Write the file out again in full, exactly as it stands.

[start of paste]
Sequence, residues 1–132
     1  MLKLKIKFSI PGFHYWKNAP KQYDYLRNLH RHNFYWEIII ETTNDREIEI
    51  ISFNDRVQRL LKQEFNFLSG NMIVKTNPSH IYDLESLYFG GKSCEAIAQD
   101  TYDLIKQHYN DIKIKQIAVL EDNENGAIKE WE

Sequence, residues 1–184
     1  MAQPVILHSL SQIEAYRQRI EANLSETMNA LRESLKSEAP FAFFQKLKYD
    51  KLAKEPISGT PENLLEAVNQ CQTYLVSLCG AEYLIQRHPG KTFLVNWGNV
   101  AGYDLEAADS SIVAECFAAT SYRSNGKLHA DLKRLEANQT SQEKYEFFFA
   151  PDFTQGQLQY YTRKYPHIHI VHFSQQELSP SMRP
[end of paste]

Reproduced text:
Sequence, residues 1–132
     1  MLKLKIKFSI PGFHYWKNAP KQYDYLRNLH RHNFYWEIII ETTNDREIEI
    51  ISFNDRVQRL LKQEFNFLSG NMIVKTNPSH IYDLESLYFG GKSCEAIAQD
   101  TYDLIKQHYN DIKIKQIAVL EDNENGAIKE WE

Sequence, residues 1–184
     1  MAQPVILHSL SQIEAYRQRI EANLSETMNA LRESLKSEAP FAFFQKLKYD
    51  KLAKEPISGT PENLLEAVNQ CQTYLVSLCG AEYLIQRHPG KTFLVNWGNV
   101  AGYDLEAADS SIVAECFAAT SYRSNGKLHA DLKRLEANQT SQEKYEFFFA
   151  PDFTQGQLQY YTRKYPHIHI VHFSQQELSP SMRP